Leopard Seal Foraging Ecology and Physiology

We are in the process of preparing for a potential field effort in Antarctica investigating the foraging ecology and physiology of leopard seals! We will update this blog as we move forward, so stay tuned for more details. A bit more detail about our project… The climate of the Antarctic Peninsula is warming, resulting in less sea ice. These environmental changes may be pushing many Antarctic organisms beyond their normal physiological and behavior capabilities. The leopard …

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Early Antarctic explorers in the Ross Sea

As you’ve probably heard in the news,  the Council for the Conservation of Antarctic Marine Living Resources (CCAMLR) recently announced the creation of the world’s largest Marine Protected Area (MPA) in the Ross Sea (see press release here). This is, without a doubt, a major success in our efforts to preserve the most pristine marine ecosystem left on Planet Earth, and making sure that the living organisms that inhabit this system are protected from exploitation. The …

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Meet The Onion

No, I’m not talking about myself (although I do have many layers). Work in Antarctica is all fun and full of glamour, except when it gets cold and windy (i.e. all the time). As I have mentioned before, we are conducting a series of necropsies on dead animals that we have to find before they freeze, in order to harvest fresh samples that will later allow our team to grow cells in the lab. It is a sad …

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Warning: This post might contain bloody pictures (Ewww! Gross!)

Biologist are weird creatures. Most people like to stay the heck away from blood, which is more than normal, acceptable and sane. Biologists, however, happen to have to get in bloody messes as part of their job so that science can happen. Let’s recap though. Last time we heard about the adventures of B-267 was last year, and we had successfully finished our field season collecting samples from placentas, dead animals and live animals to …

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We demand more cuteness!!!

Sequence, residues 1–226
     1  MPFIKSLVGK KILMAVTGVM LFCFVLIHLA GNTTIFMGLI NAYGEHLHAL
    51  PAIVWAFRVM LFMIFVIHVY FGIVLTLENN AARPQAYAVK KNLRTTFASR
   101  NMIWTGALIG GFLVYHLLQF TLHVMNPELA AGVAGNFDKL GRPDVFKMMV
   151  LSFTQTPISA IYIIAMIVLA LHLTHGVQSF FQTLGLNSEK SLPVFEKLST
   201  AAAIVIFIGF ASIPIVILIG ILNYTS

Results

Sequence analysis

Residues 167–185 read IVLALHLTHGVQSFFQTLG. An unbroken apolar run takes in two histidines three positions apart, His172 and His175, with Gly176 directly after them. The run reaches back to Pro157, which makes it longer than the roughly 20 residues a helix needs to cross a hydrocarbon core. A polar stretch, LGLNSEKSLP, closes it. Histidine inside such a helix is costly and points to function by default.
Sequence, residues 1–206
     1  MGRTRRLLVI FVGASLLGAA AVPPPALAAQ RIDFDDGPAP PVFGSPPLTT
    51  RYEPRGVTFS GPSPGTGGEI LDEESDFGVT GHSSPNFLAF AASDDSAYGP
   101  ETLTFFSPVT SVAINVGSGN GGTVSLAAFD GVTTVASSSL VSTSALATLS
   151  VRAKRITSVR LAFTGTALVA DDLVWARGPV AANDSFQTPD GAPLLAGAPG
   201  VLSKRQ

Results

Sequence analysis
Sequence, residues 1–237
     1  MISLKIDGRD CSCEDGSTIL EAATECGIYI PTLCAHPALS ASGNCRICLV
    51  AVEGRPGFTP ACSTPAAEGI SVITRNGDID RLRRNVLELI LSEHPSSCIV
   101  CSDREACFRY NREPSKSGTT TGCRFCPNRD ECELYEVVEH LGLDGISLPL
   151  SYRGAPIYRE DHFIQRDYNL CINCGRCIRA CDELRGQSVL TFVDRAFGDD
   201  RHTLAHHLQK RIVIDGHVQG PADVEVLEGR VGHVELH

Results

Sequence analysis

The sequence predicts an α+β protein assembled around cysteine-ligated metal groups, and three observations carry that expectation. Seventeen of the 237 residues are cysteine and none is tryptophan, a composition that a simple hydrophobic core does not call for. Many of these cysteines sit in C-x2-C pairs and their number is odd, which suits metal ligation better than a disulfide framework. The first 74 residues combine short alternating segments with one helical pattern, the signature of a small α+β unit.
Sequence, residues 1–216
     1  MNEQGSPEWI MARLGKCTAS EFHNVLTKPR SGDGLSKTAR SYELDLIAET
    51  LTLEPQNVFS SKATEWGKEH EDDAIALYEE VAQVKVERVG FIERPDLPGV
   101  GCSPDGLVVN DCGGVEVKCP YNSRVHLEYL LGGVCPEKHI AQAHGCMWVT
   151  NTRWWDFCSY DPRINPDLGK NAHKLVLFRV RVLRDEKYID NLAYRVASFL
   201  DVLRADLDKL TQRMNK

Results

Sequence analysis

Well, calm down! This is scientific blog after all, so we need to set our priorities straight. Science is the reason why we are in McMurdo, under the group name of B-267 (check it out on Twitter and Instagram . I have been trying to tell you how almost cool this project is. What if they actually discover the mechanism that allows seals to shut down circulation to parts of their bodies and the gene that allows that tissue to survive …

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We are scientists, we don’t think our study animals are cute…

Ok, that is a lie. Weddell seals (Leptonychotes weddelli) are not only the southernmost breeding mammal in the world, champion divers, excellent animals models to study and much, much more, but they are also extremely cute (and that is the professional opinion of the scientific community). Among the many, many privileges of working with these animals during their breeding season, is the fact that sometimes you run into amazing displays of beauty, such as when it …

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Ok, but what is this project really about?

Try to imagine the following situation: a cheetah in the savannah is chasing a prey and it finally catches it after a while. Exciting, right? (well, at least for the cat). The cheetah exercised so hard, ran so fast to catch that elusive antelope that it now needs to rest and catch its breath again, right? Now, let’s picture the same situation, except the prey is a fish and the predator a seal. There is …

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And there are seals out there

It’s too cold, even for seals… This is the first time I get to be down on the ice this early in the season. And you can feel the difference. While the temperature has been relatively warm for this time of the year, it still is too cold for us, humans with made up insulation. The thermometer right now is marking -23˚C (that is -6˚F for those non-scientist ones), but the wind chill makes the …

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It’s all about the wait…

Five hours in San Francisco airport. Twenty two hours in Los Angeles. Ten hours in Sydney. Five days in Christchurch… But I made it to McMurdo. Despite all the bumps that this trip has had, I am finally in McMurdo, ready to start field work. Wait… Nope. There’s the training! Light vehicle training, medical training, waste disposal training, field safety training (including how to ride helicopters and survive in the sea ice), GPS class, environmental …

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